Why Do We Criticize God?

There will always be people who criticize God. Their complaints vary. Some object that God would be wrong to create people that he knows would go to hell. Others say it’s not fair for God to pick some for salvation and not others. Then there is the ubiquitous question of why does he let bad things happen to good people? I’ve even heard a complaint that people won’t have free will when they go to heaven because they won’t be able to sin. It seems that no matter what is offered about God, whether it be his omniscience, omnipresence, sovereignty, wisdom, what he does, or what he doesn’t do, people will find something to complain about. Why is that? Perhaps it is because they don’t want God to be God. Or maybe they think they know better and want to be the final judge of what is good and bad. Whatever the reason, one thing is for sure, they all have something in common. They all believe they know how things “ought” to be done, and that they are better judges of morality than God.

As is always the case, people’s opinions are subjective. If they think they know how things “ought to be done” then there should be a standard by which they can make such judgments. If it is an objective standard, one that exists outside of themselves, then how do they explain where it comes from? Does society tell us what is right and wrong? If so, then what do we do when one society contradicts another? Which one is correct? Or, what if it is an opinion that a person is offering as a judgment against God? In that case, what gives that person the right to judge God based merely on his own opinion? And, what gives anyone the right to judge God when he knows all things, and they don’t? Nevertheless, in the Bible, we have the first account of someone who thought he knew better than God and criticized him. Let’s take a look.

Genesis 3:1-6, “Now the serpent was more crafty than any beast of the field which the LORD God had made. And he said to the woman, “Indeed, has God said, ‘You shall not eat from any tree of the garden’?”  2 The woman said to the serpent, “From the fruit of the trees of the garden we may eat; 3 but from the fruit of the tree which is in the middle of the garden, God has said, ‘You shall not eat from it or touch it, or you will die.’” 4 The serpent said to the woman, “You surely will not die! 5 For God knows that in the day you eat from it your eyes will be opened, and you will be like God, knowing good and evil.” 6 When the woman saw that the tree was good for food, and that it was a delight to the eyes, and that the tree was desirable to make one wise, she took from its fruit and ate; and she gave also to her husband with her, and he ate.”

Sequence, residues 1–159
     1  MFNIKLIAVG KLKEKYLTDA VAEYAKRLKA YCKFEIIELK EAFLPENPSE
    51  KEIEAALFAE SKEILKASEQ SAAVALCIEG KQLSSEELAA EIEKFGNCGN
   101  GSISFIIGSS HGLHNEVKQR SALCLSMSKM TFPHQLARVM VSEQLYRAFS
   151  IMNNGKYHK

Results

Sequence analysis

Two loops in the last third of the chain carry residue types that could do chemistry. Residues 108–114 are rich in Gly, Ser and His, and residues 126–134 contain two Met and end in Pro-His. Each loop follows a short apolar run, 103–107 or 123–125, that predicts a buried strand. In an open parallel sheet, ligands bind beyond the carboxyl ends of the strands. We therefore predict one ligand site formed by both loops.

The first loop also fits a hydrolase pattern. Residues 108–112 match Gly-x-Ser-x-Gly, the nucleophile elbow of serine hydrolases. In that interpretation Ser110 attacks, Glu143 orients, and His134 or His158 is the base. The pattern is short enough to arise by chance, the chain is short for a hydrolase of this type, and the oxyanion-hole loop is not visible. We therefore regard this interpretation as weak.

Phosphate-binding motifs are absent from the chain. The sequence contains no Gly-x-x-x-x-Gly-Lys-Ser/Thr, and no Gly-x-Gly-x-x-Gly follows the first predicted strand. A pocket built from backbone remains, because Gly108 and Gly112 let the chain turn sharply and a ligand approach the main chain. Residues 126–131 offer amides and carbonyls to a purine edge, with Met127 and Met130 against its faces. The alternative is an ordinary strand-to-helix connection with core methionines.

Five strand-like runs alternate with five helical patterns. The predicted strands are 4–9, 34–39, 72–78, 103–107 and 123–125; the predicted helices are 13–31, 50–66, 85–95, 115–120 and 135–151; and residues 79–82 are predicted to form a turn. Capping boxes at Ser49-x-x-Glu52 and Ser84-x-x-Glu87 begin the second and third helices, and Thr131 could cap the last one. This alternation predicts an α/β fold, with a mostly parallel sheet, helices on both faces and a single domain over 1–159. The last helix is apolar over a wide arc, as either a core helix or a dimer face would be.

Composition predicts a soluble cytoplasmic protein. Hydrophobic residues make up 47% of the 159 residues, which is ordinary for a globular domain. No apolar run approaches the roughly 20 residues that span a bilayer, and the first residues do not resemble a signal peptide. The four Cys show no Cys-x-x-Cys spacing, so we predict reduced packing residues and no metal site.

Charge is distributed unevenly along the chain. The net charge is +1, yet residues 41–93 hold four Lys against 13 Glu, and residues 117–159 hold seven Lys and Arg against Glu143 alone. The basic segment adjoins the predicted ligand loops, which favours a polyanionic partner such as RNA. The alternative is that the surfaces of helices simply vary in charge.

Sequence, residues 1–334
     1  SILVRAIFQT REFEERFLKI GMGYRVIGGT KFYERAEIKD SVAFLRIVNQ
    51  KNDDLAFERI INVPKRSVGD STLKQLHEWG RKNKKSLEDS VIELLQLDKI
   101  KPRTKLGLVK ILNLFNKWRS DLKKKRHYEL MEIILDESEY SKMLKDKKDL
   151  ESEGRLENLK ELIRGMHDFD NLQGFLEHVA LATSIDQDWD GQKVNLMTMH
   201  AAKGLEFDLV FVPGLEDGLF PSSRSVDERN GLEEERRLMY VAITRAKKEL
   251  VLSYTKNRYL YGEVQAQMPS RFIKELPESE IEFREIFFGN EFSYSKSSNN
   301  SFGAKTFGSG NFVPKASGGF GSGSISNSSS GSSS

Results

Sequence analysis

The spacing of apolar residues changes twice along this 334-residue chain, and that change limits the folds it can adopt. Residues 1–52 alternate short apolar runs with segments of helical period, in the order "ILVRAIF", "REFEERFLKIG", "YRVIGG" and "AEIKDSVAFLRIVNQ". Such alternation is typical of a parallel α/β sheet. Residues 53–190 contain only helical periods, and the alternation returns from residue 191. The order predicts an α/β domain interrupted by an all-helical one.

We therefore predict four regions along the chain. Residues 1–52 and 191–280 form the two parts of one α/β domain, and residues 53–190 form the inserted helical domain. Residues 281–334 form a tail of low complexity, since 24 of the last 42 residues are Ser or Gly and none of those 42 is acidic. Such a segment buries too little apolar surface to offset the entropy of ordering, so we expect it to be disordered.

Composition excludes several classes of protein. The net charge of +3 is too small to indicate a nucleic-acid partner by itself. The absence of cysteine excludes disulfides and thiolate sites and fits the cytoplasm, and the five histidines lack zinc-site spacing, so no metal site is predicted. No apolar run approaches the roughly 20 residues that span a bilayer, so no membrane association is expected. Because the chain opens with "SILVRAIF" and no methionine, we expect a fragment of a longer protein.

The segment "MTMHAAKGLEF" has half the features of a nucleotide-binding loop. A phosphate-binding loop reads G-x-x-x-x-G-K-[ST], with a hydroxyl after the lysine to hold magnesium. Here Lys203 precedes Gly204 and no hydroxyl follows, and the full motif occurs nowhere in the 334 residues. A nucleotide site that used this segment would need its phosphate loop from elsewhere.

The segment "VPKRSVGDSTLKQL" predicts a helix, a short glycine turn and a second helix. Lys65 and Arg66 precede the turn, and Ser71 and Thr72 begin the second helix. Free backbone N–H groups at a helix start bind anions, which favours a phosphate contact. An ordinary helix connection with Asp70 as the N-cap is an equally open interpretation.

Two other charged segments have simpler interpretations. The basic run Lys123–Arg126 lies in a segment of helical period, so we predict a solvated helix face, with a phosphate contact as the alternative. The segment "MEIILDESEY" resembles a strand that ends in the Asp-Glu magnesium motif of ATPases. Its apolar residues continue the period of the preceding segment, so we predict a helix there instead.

As you can see, the devil claimed to know better than God and tried to convince Eve that he knew what was better for her than God did. In fact, Eve appealed to her senses and her own wisdom, which contradicted the word of God. In the end, she fell into sin. She did not know better than God.

Who are people to raise an accusation against God?

God knows all things and brought the universe into existence for a reason. People don’t have to like it that God created people knowing they would end up in hell, or suffer on earth, or be blessed for a while, or whatever it might be. But what right do they have to look into the infinite heavens, raise their fist, and bring a righteous charge against the infinite God of the universe? I find such impudence to be the epitome of foolishness. “…The thing molded will not say to the molder, ‘Why did you make me like this,’ will it? 21 Or does not the potter have a right over the clay, to make from the same lump one vessel for honorable use and another for common use? 22 What if God, although willing to demonstrate His wrath and to make His power known, endured with much patience vessels of wrath prepared for destruction? 23 And He did so to make known the riches of His glory upon vessels of mercy, which He prepared beforehand for glory,” (Rom. 9:20-23).

The Edenic Lie is alive and well on earth. People want to be like God. In fact, they want to take the place of God and even tell God how he should behave. They will find out in the end that their own wisdom is actually foolishness.

Matt Slick


Published by Intentional Faith

Devoted to a Faith that Thinks

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